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Jul 16, 2023

Czech Kolaches

Kolaches are a pastry brought to the American Midwest by Czech immigrants during the mid and late nineteenth century and made popular throughout the region, especially in Texas. 

Czech Kolaches on a quarter sheet pan.

This version is comprised of an enriched brioche-like yeasted dough filled with a lemon-scented cream cheese and ricotta filling. 

You can also fill these kolaches with a fruit or poppyseed filling. For the fruit filling, just cook some fresh or frozen fruit, sugar, and cornstarch until you have a thickened filling. For a poppyseed filling, cook poppyseeds with sugar, milk, salt, and flour until thickened. 

You can also layer the cheese filling with some fruit filling before baking for a delicious treat. 

Czech Kolaches on three small plates.

Kolache (pronounced koh-lah-chee) actually have their own festival in Caldwell, Texas in September every year, where thousands of the pastry are sold by an amazing number of vendors. 

In fact, several towns in the midwest claim to be the "kolache capital of the world," but the "Texas Czech Belt" is best known outside of the Midwest for their kolache bakeries. 

Czech Kolaches on a cooling rack.

By the way, in Czechoslovakia, the singular is kolach (or kolāč), and the plural is kolache. Once the pastries became popular in the U.S., the plural term kolaches was adopted by many. Feel free to use either term. I've kind of been using both, so the grammar police might show up at my door. 

How to Make these Kolache:

First, make the dough by combining flour, instant yeast, and salt together in the bowl of a stand mixer. 

Next, whisk together melted butter, milk, sugar, and eggs and add the mixture to the flour and mix until everything comes together. The dough should clear the sides of the bowl and stick to the bottom. This should take about ten minutes. 

I added an additional tablespoon of flour to the dough and probably could have added one more, but I didn't want to add too much. 

You can let the dough rise at room temperature at this point or refrigerate the dough overnight, which is what I did. For one thing, the colder dough is easier to shape. 

Czech Kolaches shaped by being pressed with a measuring cup.

When you are ready to shape the kolaches, divide the dough into eight pieces and form each into a ball. Cover them and let them rise for about 90 to 120 minutes. Smash the centers of the dough balls down with the bottom of a measuring cup or glass to create the cavity for filling. 

Drop a heaping tablespoon of the cheese or fruit filling into the center, brush the outside with some egg wash, and sprinkle the prepared kolache with a streusel (posypka). 

Czech Kolaches before baking.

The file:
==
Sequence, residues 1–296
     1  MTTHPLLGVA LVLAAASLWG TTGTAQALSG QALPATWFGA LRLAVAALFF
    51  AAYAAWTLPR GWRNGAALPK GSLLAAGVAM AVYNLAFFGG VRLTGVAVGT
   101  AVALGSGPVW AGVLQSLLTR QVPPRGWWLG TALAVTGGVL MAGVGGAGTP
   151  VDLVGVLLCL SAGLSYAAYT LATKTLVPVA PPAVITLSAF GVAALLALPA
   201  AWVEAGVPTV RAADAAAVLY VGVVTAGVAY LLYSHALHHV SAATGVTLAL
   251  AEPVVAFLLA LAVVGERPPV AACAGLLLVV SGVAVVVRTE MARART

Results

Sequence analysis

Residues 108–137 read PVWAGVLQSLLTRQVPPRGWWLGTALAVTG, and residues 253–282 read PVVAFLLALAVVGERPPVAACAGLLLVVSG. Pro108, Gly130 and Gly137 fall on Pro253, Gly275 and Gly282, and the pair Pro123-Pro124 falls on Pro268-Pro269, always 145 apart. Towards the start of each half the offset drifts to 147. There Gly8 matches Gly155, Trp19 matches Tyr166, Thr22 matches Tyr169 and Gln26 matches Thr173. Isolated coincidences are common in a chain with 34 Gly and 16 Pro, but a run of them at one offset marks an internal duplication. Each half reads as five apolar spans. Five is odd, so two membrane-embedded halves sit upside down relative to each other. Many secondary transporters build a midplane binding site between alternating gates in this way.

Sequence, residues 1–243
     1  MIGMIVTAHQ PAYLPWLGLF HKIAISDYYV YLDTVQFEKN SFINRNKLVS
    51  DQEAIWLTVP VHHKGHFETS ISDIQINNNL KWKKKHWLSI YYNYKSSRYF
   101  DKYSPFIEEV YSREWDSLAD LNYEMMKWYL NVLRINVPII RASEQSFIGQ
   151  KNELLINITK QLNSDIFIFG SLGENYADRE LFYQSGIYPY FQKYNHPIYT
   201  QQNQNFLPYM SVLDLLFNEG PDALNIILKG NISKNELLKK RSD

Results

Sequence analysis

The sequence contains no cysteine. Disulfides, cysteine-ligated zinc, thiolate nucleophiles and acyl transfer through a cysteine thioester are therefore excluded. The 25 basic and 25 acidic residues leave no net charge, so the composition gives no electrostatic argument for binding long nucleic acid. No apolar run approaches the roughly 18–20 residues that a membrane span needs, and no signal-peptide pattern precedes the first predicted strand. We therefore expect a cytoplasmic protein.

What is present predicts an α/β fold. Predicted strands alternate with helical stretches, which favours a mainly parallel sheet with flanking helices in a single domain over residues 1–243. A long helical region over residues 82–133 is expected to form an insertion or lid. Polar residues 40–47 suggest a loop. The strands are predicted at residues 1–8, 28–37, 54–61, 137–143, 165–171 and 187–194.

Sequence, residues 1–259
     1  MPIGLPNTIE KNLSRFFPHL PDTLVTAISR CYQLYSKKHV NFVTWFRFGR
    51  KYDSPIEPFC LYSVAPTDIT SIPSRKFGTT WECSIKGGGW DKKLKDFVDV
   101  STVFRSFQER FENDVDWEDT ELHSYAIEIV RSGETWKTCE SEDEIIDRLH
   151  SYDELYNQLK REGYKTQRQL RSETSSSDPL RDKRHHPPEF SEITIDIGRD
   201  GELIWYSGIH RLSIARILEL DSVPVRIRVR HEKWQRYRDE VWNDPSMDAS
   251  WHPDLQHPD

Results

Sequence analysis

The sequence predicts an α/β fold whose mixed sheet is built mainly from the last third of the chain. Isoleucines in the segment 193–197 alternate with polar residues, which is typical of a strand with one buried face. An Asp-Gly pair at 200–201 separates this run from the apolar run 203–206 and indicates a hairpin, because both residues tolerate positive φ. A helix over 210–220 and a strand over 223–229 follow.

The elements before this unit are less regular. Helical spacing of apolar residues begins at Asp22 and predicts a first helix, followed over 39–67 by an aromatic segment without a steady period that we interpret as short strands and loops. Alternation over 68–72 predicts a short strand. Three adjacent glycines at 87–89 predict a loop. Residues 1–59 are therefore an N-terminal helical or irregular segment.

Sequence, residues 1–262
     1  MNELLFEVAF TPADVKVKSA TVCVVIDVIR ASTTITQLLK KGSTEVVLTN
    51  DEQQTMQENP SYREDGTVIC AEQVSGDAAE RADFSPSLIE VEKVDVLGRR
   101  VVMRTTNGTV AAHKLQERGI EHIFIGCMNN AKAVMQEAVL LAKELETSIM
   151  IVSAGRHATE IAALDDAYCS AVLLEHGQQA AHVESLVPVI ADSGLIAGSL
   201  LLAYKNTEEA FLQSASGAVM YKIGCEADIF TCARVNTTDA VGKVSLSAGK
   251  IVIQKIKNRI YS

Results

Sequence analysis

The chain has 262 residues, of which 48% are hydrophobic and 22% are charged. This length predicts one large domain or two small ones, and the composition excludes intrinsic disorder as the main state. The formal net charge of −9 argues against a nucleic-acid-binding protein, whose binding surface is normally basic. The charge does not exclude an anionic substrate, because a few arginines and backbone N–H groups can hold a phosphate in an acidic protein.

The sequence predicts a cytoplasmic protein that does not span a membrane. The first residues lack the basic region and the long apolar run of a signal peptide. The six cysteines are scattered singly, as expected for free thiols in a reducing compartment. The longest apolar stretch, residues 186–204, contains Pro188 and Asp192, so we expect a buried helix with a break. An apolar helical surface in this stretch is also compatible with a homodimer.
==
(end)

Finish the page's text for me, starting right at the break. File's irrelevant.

The filling is a mixture of cream cheese, lemon zest, sugar, flour, and ricotta. 

The streusel (posypka or drobenka) is just flour, sugar, and butter. You can use unsalted or salted butter. I used salted butter because I love how salt brings out the flavor of ingredients. Just make sure the butter is chilled. 

In fact, I recommend chilling the streusel after mixing to make it easier to sprinkle. 

Czech Kolaches stacked on a plate.

Equipment You May Need:

For creating the indentation in the dough, I used the 1/3 cup piece of the Amco stainless steel measuring cups. I love these measuring cups for their accuracy, and the 1/3 cup just happens to have the right dimension on the bottom (2 1/4 inch diameter). You can also substitute a drinking glass. 

You will also need a stand mixer for the dough. Hand kneading is a bit much for this extra buttery dough. I love my KitchenAid

Another tool that was super helpful was a mini food processor. Yes, you will have to wash it, but it worked great for mixing the streusel. 


These kolaches are delicious warm from the oven and are best the day they are made. Store any leftovers in the refrigerator in an airtight container and reheat in the oven at 350 degrees F for a few minutes. 

If you make a fruit-filled version, you can store them at room temperature for about three days. 

Czech Kolache cut in half on a small plate.

These pastries are amazingly light and fluffy, especially for such an enriched dough. They aren't too sweet either. 

Serve these for breakfast, dessert, or as an afternoon snack. 

The Bread Baking Babes are baking Kolaches this month. Our host is Judy of Judy's Gross Eats, who provided the recipe. Be sure to visit her site to learn more about her sources. 

After the recipe, be sure to check out the posts from the participating BBBabes. 

Czech Kolaches on a plate.

Czech Kolaches

Czech Kolaches
Yield: 8 pastries
Author: Karen's Kitchen Stories
Prep time: 1 HourCook time: 25 MinInactive time: 8 HourTotal time: 9 H & 25 M
Kolaches are a pastry brought to the American Midwest by Czech immigrants during the mid and late nineteenth century and made popular throughout the region, especially in Texas.


For the Dough
  • 250 grams (8 3/4 ounces / 1 3/4 cups) unbleached all purpose flour, plus more as needed
  • 1 1/8 teaspoons instant yeast
  • 1 1/4 teaspoons salt
  • 113 grams (1/2 cup) milk
  • 72 grams (5 tablespoons) unsalted butter, melted and cooled